|Title||Telluric and ocean current effects on buried pipelines and their cathodic protection systems|
|Author||Gummow-Correng, R A; Boteler, D H; Trichtchenko, L|
|Source|| L51909, 2002, 148 pages|
|Alt Series||Earth Sciences Sector, Contribution Series 20100340|
|Publisher||Pipeline Research Council International, Inc.|
|Subjects||engineering geology; geophysics; pipeline feasibility studies; bottom currents; currents; telluric interpretations; telluric surveys; modelling; geomagnetism; geomagnetic variations; tidal environments;
|Illustrations||histograms; plots; images; profiles; tables; flow charts|
|Program||Targeted Hazard Assessments in Northern Canada, Public Safety Geoscience|
Need: Historically the effects of telluric currents on pipelines have been considered a curiosity and an inconvenience when conducting cathodic protection surveys for compliance
with the pipeline codes and regulations. Recently however, as more pipelines have been constructed at higher latitudes and in higher resistivity soils, and as higher quality coatings have been used, the resulting telluric potential and current
variations, being more severe, have prompted concerns about the following issues; 1) whether or not the pipe is corroding during periods of telluric current discharges, and 2) will the coating be stressed and possibly disbonded during periods of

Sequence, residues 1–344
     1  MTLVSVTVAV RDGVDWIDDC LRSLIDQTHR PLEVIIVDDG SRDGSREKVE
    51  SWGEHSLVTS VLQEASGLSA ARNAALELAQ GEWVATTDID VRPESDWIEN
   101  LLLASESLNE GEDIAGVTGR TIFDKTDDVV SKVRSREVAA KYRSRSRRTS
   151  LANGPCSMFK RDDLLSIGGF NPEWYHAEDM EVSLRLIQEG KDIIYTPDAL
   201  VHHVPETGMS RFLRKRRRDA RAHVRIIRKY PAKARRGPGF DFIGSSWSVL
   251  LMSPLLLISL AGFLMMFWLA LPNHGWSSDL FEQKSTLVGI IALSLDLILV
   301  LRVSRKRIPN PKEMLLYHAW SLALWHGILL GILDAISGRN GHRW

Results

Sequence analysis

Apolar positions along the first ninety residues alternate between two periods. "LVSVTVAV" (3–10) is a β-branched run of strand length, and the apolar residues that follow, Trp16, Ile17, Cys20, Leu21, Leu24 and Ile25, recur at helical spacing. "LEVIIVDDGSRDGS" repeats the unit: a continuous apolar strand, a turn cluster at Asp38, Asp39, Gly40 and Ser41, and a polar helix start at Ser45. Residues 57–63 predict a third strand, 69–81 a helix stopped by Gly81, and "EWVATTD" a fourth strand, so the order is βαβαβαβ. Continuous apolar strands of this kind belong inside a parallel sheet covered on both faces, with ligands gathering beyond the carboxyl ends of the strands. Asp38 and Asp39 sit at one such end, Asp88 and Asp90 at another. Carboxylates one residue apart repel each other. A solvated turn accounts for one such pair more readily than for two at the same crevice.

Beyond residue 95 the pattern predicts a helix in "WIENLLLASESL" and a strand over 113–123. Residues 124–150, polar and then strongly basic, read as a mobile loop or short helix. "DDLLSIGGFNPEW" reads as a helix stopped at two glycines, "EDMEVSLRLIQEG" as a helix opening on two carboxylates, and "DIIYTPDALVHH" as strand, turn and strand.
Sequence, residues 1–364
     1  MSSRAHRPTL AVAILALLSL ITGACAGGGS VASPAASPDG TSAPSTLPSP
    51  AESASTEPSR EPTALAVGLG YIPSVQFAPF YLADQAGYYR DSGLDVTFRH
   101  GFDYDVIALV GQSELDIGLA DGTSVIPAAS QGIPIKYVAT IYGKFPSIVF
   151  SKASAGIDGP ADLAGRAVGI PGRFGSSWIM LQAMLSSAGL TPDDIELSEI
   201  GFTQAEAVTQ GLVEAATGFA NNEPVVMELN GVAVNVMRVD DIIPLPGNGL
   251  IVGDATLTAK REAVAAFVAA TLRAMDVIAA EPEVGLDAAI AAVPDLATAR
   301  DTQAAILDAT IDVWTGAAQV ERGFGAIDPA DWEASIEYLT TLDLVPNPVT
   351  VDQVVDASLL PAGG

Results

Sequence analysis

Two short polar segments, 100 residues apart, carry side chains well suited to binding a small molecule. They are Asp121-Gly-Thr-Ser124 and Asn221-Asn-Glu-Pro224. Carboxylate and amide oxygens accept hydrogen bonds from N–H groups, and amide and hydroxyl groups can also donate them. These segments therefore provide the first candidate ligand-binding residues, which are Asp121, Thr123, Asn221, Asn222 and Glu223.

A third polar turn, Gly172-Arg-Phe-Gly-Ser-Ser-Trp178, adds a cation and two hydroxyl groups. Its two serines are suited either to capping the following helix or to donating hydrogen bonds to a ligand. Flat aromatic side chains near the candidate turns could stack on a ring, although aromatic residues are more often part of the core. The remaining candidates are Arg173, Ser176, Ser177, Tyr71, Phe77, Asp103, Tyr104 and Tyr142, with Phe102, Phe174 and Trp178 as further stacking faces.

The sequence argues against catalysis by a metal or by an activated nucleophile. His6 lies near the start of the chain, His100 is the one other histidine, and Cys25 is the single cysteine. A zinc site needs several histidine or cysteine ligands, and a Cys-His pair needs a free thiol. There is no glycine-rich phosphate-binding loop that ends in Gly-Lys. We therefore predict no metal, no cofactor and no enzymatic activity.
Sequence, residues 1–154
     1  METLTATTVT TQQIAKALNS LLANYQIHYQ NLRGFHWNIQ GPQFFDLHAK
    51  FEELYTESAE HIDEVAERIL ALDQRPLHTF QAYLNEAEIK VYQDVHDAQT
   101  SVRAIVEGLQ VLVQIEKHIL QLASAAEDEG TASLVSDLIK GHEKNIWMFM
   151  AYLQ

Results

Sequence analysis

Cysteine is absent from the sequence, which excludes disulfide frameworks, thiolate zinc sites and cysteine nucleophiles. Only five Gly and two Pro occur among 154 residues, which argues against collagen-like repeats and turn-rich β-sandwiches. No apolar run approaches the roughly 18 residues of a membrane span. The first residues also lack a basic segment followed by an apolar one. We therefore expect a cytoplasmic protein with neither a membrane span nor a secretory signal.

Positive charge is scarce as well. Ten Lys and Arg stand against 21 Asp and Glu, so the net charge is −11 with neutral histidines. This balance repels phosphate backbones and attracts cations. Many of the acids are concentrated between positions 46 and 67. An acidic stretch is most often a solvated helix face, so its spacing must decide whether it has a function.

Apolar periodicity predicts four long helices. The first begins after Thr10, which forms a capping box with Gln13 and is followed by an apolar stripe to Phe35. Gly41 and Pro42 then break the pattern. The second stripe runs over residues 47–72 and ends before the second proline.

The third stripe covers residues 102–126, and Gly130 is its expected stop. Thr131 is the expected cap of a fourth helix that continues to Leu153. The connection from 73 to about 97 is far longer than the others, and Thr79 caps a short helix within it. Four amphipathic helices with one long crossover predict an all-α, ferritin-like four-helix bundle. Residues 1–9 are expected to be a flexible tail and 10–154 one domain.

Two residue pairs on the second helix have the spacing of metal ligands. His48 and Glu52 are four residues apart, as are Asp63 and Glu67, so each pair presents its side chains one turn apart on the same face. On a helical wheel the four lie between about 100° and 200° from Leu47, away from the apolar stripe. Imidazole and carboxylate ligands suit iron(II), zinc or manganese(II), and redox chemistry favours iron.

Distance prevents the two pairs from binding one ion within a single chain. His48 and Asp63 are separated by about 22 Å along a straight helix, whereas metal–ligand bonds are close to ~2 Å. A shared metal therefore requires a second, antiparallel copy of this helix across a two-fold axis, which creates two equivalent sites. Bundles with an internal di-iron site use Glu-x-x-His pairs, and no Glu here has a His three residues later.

pick-up, and 3) how can the effects of telluric current activity be mitigated, and 4) what techniques are available to measure accurate pipe-to-soil potentials during periods of telluric activity.
Result: This report describes two methods for
modeling telluric currents in pipelines wherein the distributed source transmission line (DSTL) model has been used successfully to predict the magnitude of telluric currents and the associated potential variations throughout pipeline networks. The
model addresses typical pipeline situations including pipe bends, pipe junctions, branch lines, insulating flanges, grounding points, changes in pipe dimensions, and changes of coating conductance.
Benefit: Correcting for the telluric activity
while conducting close interval potential surveys is somewhat more complex. Most of the techniques that have been developed require multiple recorders to collect data from stationary electrodes, prior to or during the survey, so that a correction
factor can be derived and applied to the potential measured by the moving electrode. This operation requires accurate time stamping, usually by reference to the global positioning system. No single technique corrects for all the possible voltage
drops in the measurement circuit.